Another important discussion table at Wind Europe was attended by a speaker from ERG, Mark Evans, Head of Business Development United Kingdom, who took part in the session entitled "Brexit: what's next?".

Matt Hinde FleishmanHillard, Director and Senior Vice President of Energy moderated the debate which was attended by Hazel Gulliver, Director of Policy and Regulation of Scottish Power Renewables, Clark MacFarlane, Managing Director of Siemens Gamesa UK Energy, Luke Clark, Head of External Affairs of RenewableUK and Karl John, Specialist Renewable Energy UK of Department for International Trade (DIT).

Mark Evans, who has been with ERG for about one year, is currently involved in the development of wind projects in Scotland and Northern Ireland as part of the development objectives abroad set out in our Strategic Plan.

During the debate, he explained how the United Kingdom is a crucial market for ERG and for the development of wind energy in general. At this point in history, we must take stock of the situation on Brexit and discuss the next steps, starting from the three most likely alternative scenarios: the possibility that no agreement is reached on Brexit, the extension or revision of the current conditions, or the deal.

In particular, leaving the market and the European standards could make the country energy market lose efficiency and, from a macroeconomic point of view, decrease growth, and have a potential impact on new investments including those in renewables, and on the price of electricity. On the contrary, remaining in Europe would ensure a stable regulatory framework in line with the current one, an efficient way of managing energy flows and also advantages in terms of sustainability.

The UK has always been in favour of an ambitious environmental policy and, by sticking to the EU's RES targets, would confirm this policy in the long term, providing clarity and stability for investors. ERG's projects in Northern Ireland and Scotland contribute to the UK's country targets for renewable energy production.

Luca Bragoli Chair della tavola rotonda "Repowering and Lifetime Extension"

Luca Bragoli Chair della tavola rotonda
Luca Bragoli, Head of Institutional Affairs, chaired the panel discussion "Repowering and Lifetime Extension", with panel session participants Antonio Lopez-Nicolas, Deputy Head of Unit - Renewables and CCS - DG ENER, European Commission; Jeppe Lundbæk, Chief Advisor, Danish Energy Agency; Luca Di Carlo, Scientific Secretary, ANEV; Preben Skatvedt, Global Development Manager, Vestas Wind Systems A/S; Uli Suedhoff, Europe Business Development Manager, GE Renewable Energy; and Heikki Willstedt, Director of Energy Policies & Climate Change, AEE (Asociación Empresarial Eólica).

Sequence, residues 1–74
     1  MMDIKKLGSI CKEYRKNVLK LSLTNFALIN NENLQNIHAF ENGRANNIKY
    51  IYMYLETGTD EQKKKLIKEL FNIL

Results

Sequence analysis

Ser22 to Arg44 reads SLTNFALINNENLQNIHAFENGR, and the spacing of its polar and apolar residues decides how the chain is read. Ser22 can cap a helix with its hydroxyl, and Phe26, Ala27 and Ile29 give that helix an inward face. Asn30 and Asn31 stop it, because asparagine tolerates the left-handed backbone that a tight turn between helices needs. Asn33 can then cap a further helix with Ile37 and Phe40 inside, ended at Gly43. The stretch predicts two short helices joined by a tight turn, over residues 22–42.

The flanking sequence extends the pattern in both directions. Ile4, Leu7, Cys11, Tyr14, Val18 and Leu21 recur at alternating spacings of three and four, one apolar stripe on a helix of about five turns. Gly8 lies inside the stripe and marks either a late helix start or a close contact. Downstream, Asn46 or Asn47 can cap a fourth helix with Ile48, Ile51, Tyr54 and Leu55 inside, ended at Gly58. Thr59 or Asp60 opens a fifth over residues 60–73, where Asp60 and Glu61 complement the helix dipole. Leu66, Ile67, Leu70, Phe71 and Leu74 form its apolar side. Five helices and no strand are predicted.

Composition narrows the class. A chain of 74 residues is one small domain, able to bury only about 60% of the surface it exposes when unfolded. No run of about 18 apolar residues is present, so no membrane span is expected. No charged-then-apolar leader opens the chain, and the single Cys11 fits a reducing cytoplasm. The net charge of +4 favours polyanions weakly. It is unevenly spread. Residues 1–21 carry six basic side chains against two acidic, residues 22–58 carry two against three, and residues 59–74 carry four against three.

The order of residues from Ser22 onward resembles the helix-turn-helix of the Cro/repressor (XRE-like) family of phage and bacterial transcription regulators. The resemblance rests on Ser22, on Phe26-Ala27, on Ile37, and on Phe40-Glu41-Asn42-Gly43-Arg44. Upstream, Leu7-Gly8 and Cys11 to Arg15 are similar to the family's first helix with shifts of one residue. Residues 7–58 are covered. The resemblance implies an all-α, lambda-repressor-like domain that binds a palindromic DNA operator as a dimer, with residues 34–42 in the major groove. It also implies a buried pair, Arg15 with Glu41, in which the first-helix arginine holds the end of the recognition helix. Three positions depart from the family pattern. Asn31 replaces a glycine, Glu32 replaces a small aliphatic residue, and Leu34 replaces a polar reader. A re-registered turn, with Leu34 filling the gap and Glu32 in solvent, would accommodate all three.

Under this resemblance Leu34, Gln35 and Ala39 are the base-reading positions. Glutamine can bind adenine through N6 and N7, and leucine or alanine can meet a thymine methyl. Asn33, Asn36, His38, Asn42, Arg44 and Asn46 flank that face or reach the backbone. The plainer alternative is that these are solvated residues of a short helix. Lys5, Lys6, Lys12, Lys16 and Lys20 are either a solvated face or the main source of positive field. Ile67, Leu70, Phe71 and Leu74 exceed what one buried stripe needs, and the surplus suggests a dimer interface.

As part of the goals for development abroad envisaged in our Strategic Plan, Bragoli is now working hard on public affairs with national and local institutions in European countries, particularly the UK, France and Germany where ERG has planned on making large investments in the coming years.

The underlying premise of the discussion on Repowering and Lifetime Extension was that a significant share of Europe's wind turbine fleet will come to the end of their projected lifetime within the next 10 to 15 years.

In order to meet Europe's long-term decarbonisation target for 2030 - which involves increasing the share of wind power in the energy mix - these turbines will have to be replaced with new, more technically advanced models that can guarantee better performance and services to support the electric power grid.

The conclusion of the panel discussion was that Repowering is one of the most sustainable solutions to drive the production of green energy because it meets all three of the core dimensions of the sustainability trilemma: social because it usually enjoys better local support than greenfield projects; environmental because it allows the reuse of various components and minimizes land use; and affordability because of its cost efficiency and the significant increase in renewable production.

Despite this, there are technical and regulatory complications concerning Repowering projects: new environmental restrictions have been introduced and the authorisation procedures are long and complex.

For this reason, EU member states are looking for possible solutions and best practices to avoid a contraction in wind power capacity that would put Europe's energy transition at risk. In the light of these obstacles, it was also pointed out that operators must focus increasingly on the involvement and participation of local communities and stakeholders directly in the projects: a task that ERG is vigorously and resolutely pursuing as part of its development projects.